Students in middle school can experience similar anxieties as they become accustomed to a new school, new friends and new teachers. Duke says parents should continue to talk with their children at this age to help them be confident. Realistically, middle school is known for its tough years. Children of this age often need reminders not to let others judge them.
Besides carrying tokens and lucky objects to bring comfort, Duke emphasizes the importance of teaching middle school children to take deep breaths throughout the day. It is also important to remind students of this age to hang onto their good friends, who are also dealing with the same changes.
“It’s all been new for us before,” she says.
Talking with your middle-school — and even high-school and college-age — children can seem hard at times. Duke says it is important to observe when they are ready to talk, but also to remind them often, “I’m here.” Those reminders may come verbally. They may also come by peeking in on them and being prepared to listen when they are ready to open up to you.
High School and College Students
When it comes to helping high school students, remind them to be themselves, have confidence and take deep breaths when anxiety levels get high. Give them positive reinforcement. This is also a great age to help them be organized for their school day. Be supportive and be ready when they want to talk. Sometimes it means asking, “how can we help you?” Sometimes it means offering to connect them with the resources they need for school and life.
Duke recommends parents send a text message with positive vibes, even if it is just “I’m thinking of you.” That way your children see the encouragement as they glance at their phones throughout the school day. Instead of using a stuffed animal as a comfort token, consider a non-spinning fidget, or another type of stress-relieving toy, that allows anxiety to be displaced through motion and grasping without disrupting the class.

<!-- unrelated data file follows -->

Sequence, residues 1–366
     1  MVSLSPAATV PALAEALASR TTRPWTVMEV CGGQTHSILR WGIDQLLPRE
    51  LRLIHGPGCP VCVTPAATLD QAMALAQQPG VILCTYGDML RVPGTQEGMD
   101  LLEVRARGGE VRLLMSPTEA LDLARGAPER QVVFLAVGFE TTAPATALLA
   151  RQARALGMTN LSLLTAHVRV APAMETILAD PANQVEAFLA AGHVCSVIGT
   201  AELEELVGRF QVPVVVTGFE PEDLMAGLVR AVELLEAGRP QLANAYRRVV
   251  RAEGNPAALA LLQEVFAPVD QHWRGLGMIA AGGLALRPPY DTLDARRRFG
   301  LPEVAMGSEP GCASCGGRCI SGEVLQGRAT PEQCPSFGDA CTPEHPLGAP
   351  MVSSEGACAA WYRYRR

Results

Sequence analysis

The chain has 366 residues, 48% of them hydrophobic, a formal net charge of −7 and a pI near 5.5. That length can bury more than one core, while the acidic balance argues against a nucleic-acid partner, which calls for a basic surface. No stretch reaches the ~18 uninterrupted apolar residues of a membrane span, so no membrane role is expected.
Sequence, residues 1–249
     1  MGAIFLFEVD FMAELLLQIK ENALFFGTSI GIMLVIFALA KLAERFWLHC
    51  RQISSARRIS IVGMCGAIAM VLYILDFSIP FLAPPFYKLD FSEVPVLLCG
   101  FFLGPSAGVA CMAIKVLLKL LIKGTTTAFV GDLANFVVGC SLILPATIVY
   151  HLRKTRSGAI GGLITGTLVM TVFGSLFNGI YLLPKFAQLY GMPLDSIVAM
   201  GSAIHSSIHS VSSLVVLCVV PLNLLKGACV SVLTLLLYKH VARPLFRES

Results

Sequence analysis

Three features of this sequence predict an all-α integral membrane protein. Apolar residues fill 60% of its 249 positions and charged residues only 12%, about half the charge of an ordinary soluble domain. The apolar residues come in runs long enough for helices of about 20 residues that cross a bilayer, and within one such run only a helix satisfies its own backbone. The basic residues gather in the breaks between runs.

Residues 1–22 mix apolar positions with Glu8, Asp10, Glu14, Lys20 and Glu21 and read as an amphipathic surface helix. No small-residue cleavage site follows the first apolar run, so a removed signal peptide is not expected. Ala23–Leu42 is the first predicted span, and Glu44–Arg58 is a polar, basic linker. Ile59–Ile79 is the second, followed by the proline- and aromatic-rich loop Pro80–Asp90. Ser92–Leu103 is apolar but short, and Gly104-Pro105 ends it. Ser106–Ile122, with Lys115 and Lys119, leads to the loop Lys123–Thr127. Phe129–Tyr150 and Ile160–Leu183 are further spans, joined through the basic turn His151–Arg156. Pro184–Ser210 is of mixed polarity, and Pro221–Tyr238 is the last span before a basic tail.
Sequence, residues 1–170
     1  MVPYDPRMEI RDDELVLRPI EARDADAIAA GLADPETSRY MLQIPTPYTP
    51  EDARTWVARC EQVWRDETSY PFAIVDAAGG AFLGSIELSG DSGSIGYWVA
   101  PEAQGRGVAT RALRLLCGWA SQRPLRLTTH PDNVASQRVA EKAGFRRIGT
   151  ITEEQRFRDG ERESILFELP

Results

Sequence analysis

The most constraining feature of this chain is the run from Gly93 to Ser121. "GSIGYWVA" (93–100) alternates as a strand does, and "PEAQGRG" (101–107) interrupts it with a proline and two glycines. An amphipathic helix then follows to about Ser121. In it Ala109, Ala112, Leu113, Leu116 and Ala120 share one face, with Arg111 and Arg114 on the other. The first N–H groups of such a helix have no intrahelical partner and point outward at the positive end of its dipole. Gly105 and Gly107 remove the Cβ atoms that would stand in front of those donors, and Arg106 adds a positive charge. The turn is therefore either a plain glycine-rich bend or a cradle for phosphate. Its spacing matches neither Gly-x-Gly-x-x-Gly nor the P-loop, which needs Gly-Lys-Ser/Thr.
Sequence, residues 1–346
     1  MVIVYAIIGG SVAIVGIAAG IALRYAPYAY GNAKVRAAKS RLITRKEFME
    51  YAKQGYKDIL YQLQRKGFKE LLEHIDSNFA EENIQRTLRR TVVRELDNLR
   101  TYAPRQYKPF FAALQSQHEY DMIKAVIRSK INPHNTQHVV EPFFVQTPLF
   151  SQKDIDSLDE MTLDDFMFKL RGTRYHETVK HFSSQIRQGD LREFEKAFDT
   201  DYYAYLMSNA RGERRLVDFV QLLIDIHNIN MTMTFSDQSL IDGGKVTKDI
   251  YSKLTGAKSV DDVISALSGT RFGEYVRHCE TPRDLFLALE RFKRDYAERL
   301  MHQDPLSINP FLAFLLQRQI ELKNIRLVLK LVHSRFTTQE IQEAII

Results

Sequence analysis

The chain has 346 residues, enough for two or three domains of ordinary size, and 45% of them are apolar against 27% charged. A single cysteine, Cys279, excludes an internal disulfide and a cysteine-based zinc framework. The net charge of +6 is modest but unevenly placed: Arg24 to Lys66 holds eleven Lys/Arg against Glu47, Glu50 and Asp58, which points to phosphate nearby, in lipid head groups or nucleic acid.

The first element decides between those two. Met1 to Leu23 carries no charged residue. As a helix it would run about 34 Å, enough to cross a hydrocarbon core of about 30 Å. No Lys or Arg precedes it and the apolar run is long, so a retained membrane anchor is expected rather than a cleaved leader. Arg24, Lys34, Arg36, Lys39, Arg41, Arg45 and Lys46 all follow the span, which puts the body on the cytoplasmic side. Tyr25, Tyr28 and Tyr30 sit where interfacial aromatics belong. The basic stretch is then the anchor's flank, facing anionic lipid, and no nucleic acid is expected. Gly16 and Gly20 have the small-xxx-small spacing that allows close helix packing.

For students starting college, new places and new friends can be a source of anxiety. Perhaps they are leaving home for the first time. Parents can help by letting their child know they are still there for them. Duke recommends setting a communication routine with texts and calls. Let them know you are there if they need to talk or vent. Duke knows of families who start their morning with a phone call with their student, or who engage in an afternoon text exchange. This is important, Duke says, because around the ages of 20-22, college students and parents develop more of a friendship.
If any of these tips aren’t possible through a parent, Duke says these strategies can be employed by an aunt, an uncle, a cousin or any supportive person in the student’s life. Students should also maintain personal hobbies as an outlet to burn off anxiety after school.
Ultimately, it’s important to remember that anxiety around a new experience won’t last forever. Stress, fear and uncertainty will diminish over time. Other emotions such as happiness, fulfillment and confidence can take their place.
“Having anxiety can be a healthy thing that drives us and makes us more motivated for success,” Duke said. “How you handle that anxiety is what makes the difference.”
This blog first published in July 2021.